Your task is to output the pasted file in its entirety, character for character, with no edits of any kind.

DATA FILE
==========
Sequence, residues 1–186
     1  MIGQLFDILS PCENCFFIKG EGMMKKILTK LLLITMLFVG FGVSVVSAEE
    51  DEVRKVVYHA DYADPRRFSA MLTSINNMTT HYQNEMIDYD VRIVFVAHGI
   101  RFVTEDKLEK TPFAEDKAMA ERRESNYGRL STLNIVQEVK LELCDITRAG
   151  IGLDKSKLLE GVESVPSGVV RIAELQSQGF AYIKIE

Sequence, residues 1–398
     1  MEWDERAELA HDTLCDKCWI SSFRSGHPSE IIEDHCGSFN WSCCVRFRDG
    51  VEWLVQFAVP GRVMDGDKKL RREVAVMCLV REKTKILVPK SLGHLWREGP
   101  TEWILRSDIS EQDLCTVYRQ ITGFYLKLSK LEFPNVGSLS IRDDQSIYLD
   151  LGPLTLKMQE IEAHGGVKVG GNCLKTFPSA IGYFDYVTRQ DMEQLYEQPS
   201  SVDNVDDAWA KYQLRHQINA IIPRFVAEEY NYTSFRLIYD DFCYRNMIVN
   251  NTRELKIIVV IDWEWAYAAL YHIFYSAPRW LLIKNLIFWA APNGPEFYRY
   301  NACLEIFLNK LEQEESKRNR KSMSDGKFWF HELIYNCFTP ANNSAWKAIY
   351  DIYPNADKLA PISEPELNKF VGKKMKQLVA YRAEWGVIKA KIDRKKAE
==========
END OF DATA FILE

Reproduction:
Sequence, residues 1–186
     1  MIGQLFDILS PCENCFFIKG EGMMKKILTK LLLITMLFVG FGVSVVSAEE
    51  DEVRKVVYHA DYADPRRFSA MLTSINNMTT HYQNEMIDYD VRIVFVAHGI
   101  RFVTEDKLEK TPFAEDKAMA ERRESNYGRL STLNIVQEVK LELCDITRAG
   151  IGLDKSKLLE GVESVPSGVV RIAELQSQGF AYIKIE

Sequence, residues 1–398
     1  MEWDERAELA HDTLCDKCWI SSFRSGHPSE IIEDHCGSFN WSCCVRFRDG
    51  VEWLVQFAVP GRVMDGDKKL RREVAVMCLV REKTKILVPK SLGHLWREGP
   101  TEWILRSDIS EQDLCTVYRQ ITGFYLKLSK LEFPNVGSLS IRDDQSIYLD
   151  LGPLTLKMQE IEAHGGVKVG GNCLKTFPSA IGYFDYVTRQ DMEQLYEQPS
   201  SVDNVDDAWA KYQLRHQINA IIPRFVAEEY NYTSFRLIYD DFCYRNMIVN
   251  NTRELKIIVV IDWEWAYAAL YHIFYSAPRW LLIKNLIFWA APNGPEFYRY
   301  NACLEIFLNK LEQEESKRNR KSMSDGKFWF HELIYNCFTP ANNSAWKAIY
   351  DIYPNADKLA PISEPELNKF VGKKMKQLVA YRAEWGVIKA KIDRKKAE